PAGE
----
With a better understanding of elephant behavior, CLZ aims to encourage safer human behaviour in the local communities and therefore less problem animal control. Elephants are worth more to Zambia alive than dead and CLZ is committed to protecting the wildlife of Lower Zambezi for the present and future generations of Zambia.

Support to the Zambia Wildlife Authority

Since 1995, CLZ has been committed to the conservation of the Lower Zambezi natural resources for the present and future generations of Zambia.  As wel as environmental education, CLZ also assists the Zambia Wildlife Authority (ZAWA) with anti-poaching activities inside the Lower Zambezi National Park and surrounding Game Management Areas.  Through food rations, deployment and pull-out transportation, logistical support, first aid kits, GPS equipment, training and communication, CLZ assists ZAWA Wildlife Police officers who risk their lives in the bush protecting wildlife from the contant threat of poaching.

One of CLZ’s main objectives is to build capacity of the local ZAWA scouts.  This year, CLZ introduced a standardized GPS tracking system of all foot and aerial patrols.  All team leaders are now trained to use a GPS device and understand that their patrols are visible on a Google Earth Map once downloaded.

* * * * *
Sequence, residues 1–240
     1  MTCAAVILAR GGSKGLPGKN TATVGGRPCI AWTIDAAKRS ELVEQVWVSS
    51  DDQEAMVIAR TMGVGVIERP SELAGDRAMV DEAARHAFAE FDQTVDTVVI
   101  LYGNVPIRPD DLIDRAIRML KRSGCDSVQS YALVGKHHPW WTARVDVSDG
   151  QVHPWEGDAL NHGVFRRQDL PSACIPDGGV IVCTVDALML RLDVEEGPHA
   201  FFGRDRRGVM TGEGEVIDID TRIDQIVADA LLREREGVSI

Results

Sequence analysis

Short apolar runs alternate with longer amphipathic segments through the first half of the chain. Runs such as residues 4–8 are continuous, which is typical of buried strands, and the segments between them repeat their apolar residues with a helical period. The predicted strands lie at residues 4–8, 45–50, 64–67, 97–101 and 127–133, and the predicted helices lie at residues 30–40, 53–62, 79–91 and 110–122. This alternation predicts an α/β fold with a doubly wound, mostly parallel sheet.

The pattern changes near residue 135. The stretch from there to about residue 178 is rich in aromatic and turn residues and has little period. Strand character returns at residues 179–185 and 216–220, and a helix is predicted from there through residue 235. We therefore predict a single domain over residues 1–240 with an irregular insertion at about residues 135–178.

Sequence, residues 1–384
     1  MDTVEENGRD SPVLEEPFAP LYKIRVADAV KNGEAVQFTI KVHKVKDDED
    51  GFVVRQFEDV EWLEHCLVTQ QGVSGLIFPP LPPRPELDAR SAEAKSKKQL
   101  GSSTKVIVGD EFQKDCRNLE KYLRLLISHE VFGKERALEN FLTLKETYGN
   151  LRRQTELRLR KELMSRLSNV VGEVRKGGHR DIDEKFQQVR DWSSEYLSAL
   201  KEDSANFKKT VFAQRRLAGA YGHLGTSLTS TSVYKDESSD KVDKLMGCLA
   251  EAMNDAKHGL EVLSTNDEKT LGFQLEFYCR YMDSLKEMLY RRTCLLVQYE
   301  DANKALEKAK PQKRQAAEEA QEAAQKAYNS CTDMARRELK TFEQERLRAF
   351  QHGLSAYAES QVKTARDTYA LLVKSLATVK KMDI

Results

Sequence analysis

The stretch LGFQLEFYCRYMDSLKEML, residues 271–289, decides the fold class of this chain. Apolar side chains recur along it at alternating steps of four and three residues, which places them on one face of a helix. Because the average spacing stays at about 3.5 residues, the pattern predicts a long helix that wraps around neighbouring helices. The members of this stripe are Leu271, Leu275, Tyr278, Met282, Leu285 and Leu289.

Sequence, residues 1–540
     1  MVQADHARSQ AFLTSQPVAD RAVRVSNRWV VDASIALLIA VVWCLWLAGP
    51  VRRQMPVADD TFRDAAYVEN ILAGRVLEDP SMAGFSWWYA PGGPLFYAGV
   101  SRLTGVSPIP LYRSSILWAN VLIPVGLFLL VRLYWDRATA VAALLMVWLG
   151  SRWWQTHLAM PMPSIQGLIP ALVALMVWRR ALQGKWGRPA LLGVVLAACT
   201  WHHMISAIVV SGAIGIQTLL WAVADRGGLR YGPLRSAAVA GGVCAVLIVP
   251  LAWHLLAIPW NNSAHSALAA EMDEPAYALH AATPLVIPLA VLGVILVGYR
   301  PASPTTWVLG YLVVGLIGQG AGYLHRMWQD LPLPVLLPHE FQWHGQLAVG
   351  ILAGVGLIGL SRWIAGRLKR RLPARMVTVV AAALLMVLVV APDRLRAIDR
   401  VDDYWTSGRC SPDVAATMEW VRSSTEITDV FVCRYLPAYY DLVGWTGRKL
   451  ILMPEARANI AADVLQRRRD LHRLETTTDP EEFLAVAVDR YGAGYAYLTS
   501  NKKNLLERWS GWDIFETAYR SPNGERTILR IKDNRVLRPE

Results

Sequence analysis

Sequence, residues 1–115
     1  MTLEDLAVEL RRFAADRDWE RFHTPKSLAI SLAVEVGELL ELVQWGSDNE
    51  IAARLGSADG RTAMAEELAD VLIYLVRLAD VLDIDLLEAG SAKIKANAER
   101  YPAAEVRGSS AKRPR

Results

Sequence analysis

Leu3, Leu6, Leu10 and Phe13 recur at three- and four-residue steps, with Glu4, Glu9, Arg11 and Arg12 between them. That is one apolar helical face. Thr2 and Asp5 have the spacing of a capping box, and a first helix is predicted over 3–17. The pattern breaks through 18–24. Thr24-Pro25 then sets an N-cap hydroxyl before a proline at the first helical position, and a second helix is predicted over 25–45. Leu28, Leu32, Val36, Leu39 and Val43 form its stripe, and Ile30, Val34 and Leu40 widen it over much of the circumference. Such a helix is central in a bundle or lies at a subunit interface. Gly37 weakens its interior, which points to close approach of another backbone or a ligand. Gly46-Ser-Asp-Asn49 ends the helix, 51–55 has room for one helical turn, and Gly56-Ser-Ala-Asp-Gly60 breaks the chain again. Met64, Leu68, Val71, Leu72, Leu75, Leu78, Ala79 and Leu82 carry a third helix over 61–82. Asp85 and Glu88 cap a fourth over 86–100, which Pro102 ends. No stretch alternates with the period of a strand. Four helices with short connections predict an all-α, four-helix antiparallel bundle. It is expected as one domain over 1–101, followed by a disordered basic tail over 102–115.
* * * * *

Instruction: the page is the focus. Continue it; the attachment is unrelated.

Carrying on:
Tusk Support

With support from Tusk, CLZ delivered human-elephant workshops to over 90 local community members living in Chiawa Game Management area. CLZ's human-wildlife conflict workshops disseminate invaluable information to the communities surrounding the Lower Zambezi. 

Tusk has also supported the CLZ team in their anti-poaching efforts by sponsoring Rabson Tembo to leave Zambia for the first time to attend an Introduction to Geographical Information Systems (GIS) course at the Southern African Wildlife College in South Africa.

In addition, CLZ uses PACE materials as part of their education program.

Notes from the field
In 2013, CLZ has established and trained a 20-strong Village Scout Unit to increase capacity in the local wildlife law enforcement authorities. Local applicants underwent a rigorous six week training course to become highly skilled wildlife protection officers in the Lower Zambezi National Park and Chiawa Game Management Area.

Our environmental education program has published a new curriculum this year, with the CLZ Environmental Educator taking the first lesson to conservation clubs in our project schools. We are also training conservation club leaders to give further lessons about environmental sustainability in the region. CLZ’s community support programs have received a great boost with the appointment of a permanent Human Wildlife Conflict Coordinator to assist farmers with crop protection.